Michael Benjamin of the New York Post right-headedly predicted an Obama win even before he clearly documented “The yellow journalism,” of some of his colleagues. Charles Blow of the New York Times did likewise writing to present with the substance of facts, “Among those believers that Obama will win were most independents and almost a fifth of Republicans…I cast my lot with those folks unless there is a seismic shift in the next few days,” (11-3-12, p. A23). The seismic shift happened long ago when supposed journalists stopped paying attention to objective polls and when some started creating their own out of the dingy grey.

    The dingy mysterious grey caped Florida as a surprising non-factor in the presidential election of 2012 and no one saw that strangeness happening. No one saw that Ryan’s Wyoming was more interested in him returning as a congressperson than as a VP. No one thought for sure that New Hampshire (where Romney owns a home and spends quality time), Michigan (where Romney grew up) and Massachusetts (where Romney served as governor) would all give a clear majority vote to the president. That is why even the objective talking heads thought in part it would be close, but the grey in all these states made it more than close—they made it historical, critical, analytical and evident that independent thought still lives healthy in America. I suspected as such and hence my prediction of it not being so close at all . The gray watched and all indication of those who knew Biden best (in Delaware and Pennsylvania) and who knew Obama best (in Hawaii and Illinois) would reward them (and they did). The gray and the grey (of whatever shade) understood that this administration had to execute in an atmosphere of unprecedented mockery and sabotage. Not since another president from Illinois was so unfairly lambasted have this nation allowed a division of unfounded cynicism and criticism. The gray and the grey (of whatever stripe) recognized not only this, but also how well the administration performed with the new abnormal (and still holds out the hope that if even the old normal of petty bickering could return so much more would be accomplished for all the people by the people).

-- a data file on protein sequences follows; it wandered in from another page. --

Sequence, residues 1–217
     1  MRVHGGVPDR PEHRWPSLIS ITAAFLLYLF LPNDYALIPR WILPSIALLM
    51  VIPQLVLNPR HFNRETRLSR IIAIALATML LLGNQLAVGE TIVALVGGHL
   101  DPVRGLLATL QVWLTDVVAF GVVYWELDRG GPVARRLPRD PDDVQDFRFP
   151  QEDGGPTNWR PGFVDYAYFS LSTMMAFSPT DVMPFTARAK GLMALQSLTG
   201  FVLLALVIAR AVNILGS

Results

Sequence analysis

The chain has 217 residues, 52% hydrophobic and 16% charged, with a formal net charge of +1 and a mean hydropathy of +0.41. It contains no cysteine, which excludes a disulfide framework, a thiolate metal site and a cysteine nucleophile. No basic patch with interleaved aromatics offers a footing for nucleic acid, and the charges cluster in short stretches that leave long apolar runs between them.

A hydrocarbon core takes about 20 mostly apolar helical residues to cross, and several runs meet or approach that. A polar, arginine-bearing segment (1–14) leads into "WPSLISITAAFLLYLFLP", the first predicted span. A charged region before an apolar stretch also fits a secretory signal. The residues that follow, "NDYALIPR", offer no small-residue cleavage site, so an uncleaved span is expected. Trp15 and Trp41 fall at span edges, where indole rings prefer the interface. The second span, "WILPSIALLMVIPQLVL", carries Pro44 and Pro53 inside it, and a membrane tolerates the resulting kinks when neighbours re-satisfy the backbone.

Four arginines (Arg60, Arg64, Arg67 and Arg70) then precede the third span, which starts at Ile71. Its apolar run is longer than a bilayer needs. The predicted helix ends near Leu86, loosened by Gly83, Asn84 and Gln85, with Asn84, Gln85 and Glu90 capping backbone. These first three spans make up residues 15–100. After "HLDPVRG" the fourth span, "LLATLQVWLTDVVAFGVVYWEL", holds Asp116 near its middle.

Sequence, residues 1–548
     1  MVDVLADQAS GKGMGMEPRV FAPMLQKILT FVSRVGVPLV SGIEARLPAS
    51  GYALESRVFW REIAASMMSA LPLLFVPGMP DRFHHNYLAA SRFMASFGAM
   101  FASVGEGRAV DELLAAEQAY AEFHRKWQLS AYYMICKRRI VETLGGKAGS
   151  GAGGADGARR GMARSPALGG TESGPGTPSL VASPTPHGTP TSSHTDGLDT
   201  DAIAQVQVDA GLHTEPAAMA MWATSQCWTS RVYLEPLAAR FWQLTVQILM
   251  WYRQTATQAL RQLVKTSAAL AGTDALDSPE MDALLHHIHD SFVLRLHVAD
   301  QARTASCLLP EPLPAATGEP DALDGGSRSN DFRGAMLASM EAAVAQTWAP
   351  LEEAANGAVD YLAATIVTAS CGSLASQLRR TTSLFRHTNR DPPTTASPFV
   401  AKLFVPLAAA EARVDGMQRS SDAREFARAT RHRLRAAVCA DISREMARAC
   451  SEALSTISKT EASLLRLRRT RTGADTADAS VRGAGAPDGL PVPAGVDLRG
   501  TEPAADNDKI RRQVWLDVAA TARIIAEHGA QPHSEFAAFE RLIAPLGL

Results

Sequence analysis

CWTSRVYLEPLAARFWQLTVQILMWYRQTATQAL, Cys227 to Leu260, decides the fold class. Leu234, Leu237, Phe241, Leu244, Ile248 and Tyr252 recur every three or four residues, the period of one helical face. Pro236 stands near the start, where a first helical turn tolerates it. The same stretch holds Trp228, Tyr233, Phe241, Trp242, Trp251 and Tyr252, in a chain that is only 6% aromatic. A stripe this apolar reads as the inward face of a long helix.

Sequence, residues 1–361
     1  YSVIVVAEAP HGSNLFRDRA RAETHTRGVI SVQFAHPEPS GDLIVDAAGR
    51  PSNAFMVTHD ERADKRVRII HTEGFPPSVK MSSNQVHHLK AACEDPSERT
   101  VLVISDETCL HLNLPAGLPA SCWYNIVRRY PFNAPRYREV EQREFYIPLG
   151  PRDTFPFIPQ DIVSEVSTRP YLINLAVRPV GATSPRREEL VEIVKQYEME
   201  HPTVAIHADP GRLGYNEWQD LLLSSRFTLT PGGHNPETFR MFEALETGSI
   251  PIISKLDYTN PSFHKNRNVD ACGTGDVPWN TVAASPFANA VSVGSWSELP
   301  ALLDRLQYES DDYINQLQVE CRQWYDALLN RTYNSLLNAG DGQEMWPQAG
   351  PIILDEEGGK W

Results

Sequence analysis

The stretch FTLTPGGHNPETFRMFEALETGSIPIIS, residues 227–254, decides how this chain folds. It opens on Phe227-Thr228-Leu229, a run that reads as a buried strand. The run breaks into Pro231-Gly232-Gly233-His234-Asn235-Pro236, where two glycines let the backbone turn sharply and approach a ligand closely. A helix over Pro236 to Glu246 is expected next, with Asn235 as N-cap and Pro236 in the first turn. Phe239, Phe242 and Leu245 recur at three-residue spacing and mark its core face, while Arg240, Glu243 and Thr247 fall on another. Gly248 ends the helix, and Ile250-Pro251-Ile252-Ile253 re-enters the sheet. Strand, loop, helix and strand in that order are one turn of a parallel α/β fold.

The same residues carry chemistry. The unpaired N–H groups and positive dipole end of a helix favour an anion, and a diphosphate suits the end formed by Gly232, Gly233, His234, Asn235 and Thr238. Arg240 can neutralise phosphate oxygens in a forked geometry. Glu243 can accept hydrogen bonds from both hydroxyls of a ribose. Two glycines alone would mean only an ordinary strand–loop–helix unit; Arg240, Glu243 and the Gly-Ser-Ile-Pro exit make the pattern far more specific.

Post national election 2012, the H2O, bacteria, germs, molecules, enzymes and leadership of Barack Hussein Obama fills the executive chair of the United States of America. The independent gray and grey took and spoke wisely on his behalf. A few million deliberated within their micro-organisms and became a singular voice of decision-making. There work is not done. Obama said as much himself. “You have done a great job,” he said to all listening at 1:50 AM November 7 (New York time) “but your work is still not done.” Beginning with this day there is something more that must leak into America. Correct that, gush into America. The chair is never empty my fifth grade science lesson taught and what must gush from it is:

    1) Transparency of exactly how our tax dollars are spent before the fact and exactly from where support dollars for candidates come, and in what amounts.
    2) Elimination of the antiquated electoral college and an amendment to establish true one vote power for each citizen.
    3) Elimination of the perk for the elected clubbers to run for more than one office at the same time.
    4) Consistency in providing for all citizens equally regardless of House of Representatives, Senate or housewife status when it comes to Social Security and Health Insurance (even if it has some politically charged name association such as “socialism or communism” attached to it).
    5) Legislation to establish term limits on congress to clearly demonstrate that elected public service is just that, not a career (that corrupts and contaminates absolutely).
    6) Assessment to determine the necessity of so many local politicians (given nepotism, abuse of public funds, disservice, self-service) and outlawing the official status of such jobs as “part time” which allows elected persons to put their serious energy elsewhere.
    7) Energy to force opposing legislators to find fair compromise.
    8) Assertive behavior to protect and defend our military personnel with decent pay and personal benefits as opposed to the tomfoolery of public hypes as if that is compensation enough).
    9) Aggressive behavior to educate about the real threat of global warming and the real business to support and finance research to neutralize and perhaps reverse the damage we have already done to our planetary home.
    10) Consideration of the value of Third Party candidates and the need to encourage Third Party parity with the entrenched Two-Party Clubbers (which I first called for as a Y2K cornerstone in A Political Education Life Arts Project: A Civil Tongue With A Festival of Expressions.
    11) Seeking of a law to outlaw in-service elected members from campaigning, but requiring competitors in campaign mode to present their alternative plans in detail in refute of the incumbent when they challenge the positions of the same and allow incumbents to only answer the charges while at the same time defending their record, philosophy and actions. Why? It is simply ridiculous to expect quality public service when people are constantly seeking re-election and they do so with rhetoric and unsubstantiated accusations.
    12) Evaluation of the status of Puerto Rico (that for the first time selected “Statehood” over commonwealth or independence) and do so as an indication of more cooperation across party lines to resolve important issues.

    If you agree, tell me so, but more important tell your elected official so. Forever may the gray and grey matter of the independent thinker wave.

    Support America, Wave-A-Flag
    Sincerely, I am
    Dale Benjamin Drakeford
    Dale Benjamin Drakeford